Scrovegni Chapel

In 1300, a wealthy Paduan seigneur, Enrico Scrovegni, purchased the area of the Roman Arena in order to construct a sumptuous palace to be used as his residence, Next to this, he wished to build a chapel dedicated to the Blessed Virgin, in memory of the soul of his father Reginaldo, accused of being a usurer, and mentioned by Dante in Canto XVII of his Inferno. After having met Giotto, probably during the construction of the Basilica of St. Anthony, Scrovegni commissioned the Tuscan artist to decorate the Chapel. Giotto carried out this work between 1303 and 1305.
The frescoes of the Scrovegni Chapel cover the entire surface of the walls and ceiling of the building, and depict episodes in the lives of the Virgin Mary and Christ.
The vaulted ceiling is a blue star-spangled sky. The narration is depicted in three bands of frescoes on the walls and the triumphal arch. Starting from top right, the episodes recount the story of Joachim, followed by those of the Virgin Mary, Christ, the Passion of Christ and, lastly, Death and Resurrection. Under these is a basement of imitation marble, showing the Vices and Virtues.
On the wall above the entrance is the Day of Judgement: Christ the Judge is surrounded by the Angels and the Apostles. Below, to the right, are the Blessed; to the left, the Damned in their torment, depicted according to Medieval tradition.
Giotto used not only a new way of painting, but also retrieved ancient Roman techniques and, above all, applied particular technical devices which rendered the entire composition more realistic, radically renewing and ranging beyond the Byzantine tradition.
The wooden crucifix, which once completed the decoration of the Chapel, may today be admired in a hall of the City Museum. The altar holds statues by Giovanni Pisano.


The Scrovegni Chapel was acquired by the city of Padova in 1880, and the vulnerable frescoes were repeatedly subjected to specialised restoration operations during the 19th and 20th centuries. From the 1970s until today, thanks to close collaboration between the city administration, cultural heritage authorities and the Istituto Centrale per il Restauro, the state of the building, the quality of the air in it, polluting factors, and the state of conservation of the frescoes themselves have all been carefully studied and monitored. The addition of the new access building, with its special air-conditioned waiting-room, means that even great numbers of visitors can enter the Chapel and admire Giotto masterpiece without jeopardising its already fragile condition in any way.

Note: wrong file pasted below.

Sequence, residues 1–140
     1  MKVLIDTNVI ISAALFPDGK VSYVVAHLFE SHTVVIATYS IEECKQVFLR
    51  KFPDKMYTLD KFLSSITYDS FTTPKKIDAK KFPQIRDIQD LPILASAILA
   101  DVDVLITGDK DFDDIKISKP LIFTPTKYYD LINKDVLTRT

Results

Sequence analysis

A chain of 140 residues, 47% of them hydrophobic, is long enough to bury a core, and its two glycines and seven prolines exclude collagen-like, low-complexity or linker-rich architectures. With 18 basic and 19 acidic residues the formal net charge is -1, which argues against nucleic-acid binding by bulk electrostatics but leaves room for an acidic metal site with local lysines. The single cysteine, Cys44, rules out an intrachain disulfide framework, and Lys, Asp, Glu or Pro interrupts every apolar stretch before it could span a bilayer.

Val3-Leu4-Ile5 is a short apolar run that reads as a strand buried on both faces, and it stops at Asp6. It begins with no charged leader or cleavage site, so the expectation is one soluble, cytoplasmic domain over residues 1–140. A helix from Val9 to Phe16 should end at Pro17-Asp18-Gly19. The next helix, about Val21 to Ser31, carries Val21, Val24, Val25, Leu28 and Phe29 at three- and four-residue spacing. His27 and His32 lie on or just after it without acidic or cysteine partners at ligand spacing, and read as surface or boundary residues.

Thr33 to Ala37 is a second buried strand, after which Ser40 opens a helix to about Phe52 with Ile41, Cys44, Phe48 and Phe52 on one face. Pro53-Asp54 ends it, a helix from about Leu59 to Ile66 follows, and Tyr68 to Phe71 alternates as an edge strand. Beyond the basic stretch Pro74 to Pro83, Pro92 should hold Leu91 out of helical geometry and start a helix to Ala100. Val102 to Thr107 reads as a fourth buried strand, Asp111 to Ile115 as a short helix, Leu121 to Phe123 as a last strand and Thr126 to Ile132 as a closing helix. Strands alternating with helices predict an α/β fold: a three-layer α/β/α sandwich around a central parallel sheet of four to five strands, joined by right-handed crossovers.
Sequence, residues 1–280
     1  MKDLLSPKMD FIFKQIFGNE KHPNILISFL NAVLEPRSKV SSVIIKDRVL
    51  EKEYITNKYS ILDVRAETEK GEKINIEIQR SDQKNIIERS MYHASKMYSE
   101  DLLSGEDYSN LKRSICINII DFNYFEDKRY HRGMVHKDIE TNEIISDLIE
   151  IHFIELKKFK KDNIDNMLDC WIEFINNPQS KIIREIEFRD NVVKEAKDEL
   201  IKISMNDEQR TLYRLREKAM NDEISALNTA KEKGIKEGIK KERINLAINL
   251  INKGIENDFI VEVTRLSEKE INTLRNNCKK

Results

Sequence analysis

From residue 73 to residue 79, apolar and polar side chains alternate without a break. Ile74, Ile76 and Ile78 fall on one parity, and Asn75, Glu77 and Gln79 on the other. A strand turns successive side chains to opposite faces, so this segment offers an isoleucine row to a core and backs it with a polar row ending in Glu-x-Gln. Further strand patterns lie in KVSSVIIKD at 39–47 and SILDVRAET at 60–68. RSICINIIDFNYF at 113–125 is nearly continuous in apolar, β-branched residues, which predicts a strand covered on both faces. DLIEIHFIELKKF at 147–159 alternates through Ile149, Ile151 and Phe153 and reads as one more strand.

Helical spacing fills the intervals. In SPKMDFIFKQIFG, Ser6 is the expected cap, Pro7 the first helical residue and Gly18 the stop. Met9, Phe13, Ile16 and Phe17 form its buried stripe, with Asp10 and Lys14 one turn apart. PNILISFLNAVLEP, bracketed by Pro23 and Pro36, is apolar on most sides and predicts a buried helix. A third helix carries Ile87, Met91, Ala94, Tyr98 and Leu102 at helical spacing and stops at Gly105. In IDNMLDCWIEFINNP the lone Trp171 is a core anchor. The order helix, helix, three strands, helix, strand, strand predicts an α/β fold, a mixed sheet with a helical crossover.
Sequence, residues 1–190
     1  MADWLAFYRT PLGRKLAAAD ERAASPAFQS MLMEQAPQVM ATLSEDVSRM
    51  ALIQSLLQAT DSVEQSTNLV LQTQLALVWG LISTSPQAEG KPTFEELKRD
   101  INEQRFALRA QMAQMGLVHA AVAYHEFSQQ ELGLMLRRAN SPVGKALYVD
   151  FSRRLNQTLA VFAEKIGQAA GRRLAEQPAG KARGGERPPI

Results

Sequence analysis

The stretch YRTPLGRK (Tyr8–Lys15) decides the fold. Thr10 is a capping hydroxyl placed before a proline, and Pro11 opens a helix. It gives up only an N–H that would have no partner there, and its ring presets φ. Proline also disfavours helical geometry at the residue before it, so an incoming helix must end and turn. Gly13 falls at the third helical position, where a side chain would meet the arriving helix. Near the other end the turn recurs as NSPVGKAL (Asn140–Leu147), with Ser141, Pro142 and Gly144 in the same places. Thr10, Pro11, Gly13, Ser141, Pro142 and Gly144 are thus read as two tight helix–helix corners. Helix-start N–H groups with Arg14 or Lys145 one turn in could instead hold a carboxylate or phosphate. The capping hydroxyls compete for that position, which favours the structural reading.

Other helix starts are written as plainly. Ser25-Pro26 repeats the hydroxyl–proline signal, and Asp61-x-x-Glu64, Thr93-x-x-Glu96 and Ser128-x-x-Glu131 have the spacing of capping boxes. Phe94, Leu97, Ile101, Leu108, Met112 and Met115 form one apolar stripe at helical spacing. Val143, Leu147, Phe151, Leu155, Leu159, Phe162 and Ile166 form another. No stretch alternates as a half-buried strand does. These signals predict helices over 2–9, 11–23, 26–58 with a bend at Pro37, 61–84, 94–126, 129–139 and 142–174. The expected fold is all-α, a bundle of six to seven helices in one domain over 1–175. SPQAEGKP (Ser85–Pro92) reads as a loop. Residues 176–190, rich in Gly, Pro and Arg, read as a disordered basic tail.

The state of the frescoes is now stable, and they have been restored further - delicate operations undertaken by the Istituto Centrale per il Restauro - thanks to an agreement between the city of Padova and the Italian Ministero per i Beni e le Attività Culturali.

City Museums
Piazza Eremitani 8, Padova
tel. +39 049 8204551
opening times: throughout the year: 09:00-19:00
Palazzo Zuckermann, Corso Garibaldi 33
tel. +39 049 8205664
opening times: throughout the year: 10:00-19:00
all Museums are closed on: Mondays (unless public holidays), January 1, May 1, December 25-26
the Scrovegni Chapel is open, even on Mondays.
Tickets: full price for all Museums, Scrovegni Chapel, Multimedial Room and Palazzo Zuckermann: 14.00 euro; Museums, Multimedial Room and Palazzo Zuckermann: 10.00 euro; children up to the age of  5 and disabled persons: free of charge.
N.B. Advance bookings are required to visit the Scrovegni Chapel: book on Telerete Nordest +39 049 2010020, Mon-Fri 09:00-19:00, Sat 09:00-18:00, or on-line:

All Entry tickets must be purchased from the City Museums office in Piazza Eremitani 8

How to reach City Museums and Palazzo Zuckermann:
from train station: buses nos. 3/ 10/ 12; on Sundays and public holidays: buses nos. 42; metrotram;
by car and coach: motorway exit Padova Est: Fairgrounds car park, shuttle bus service to centre of town
motorway exits Padova Sud and Padova Ovest: car park in ex-Foro Boario (Prato della Valle), shuttle bus service to centre of town; Via D. Valeri (off Via Trieste); Piazza Insurrezione (from 10.00, limited space).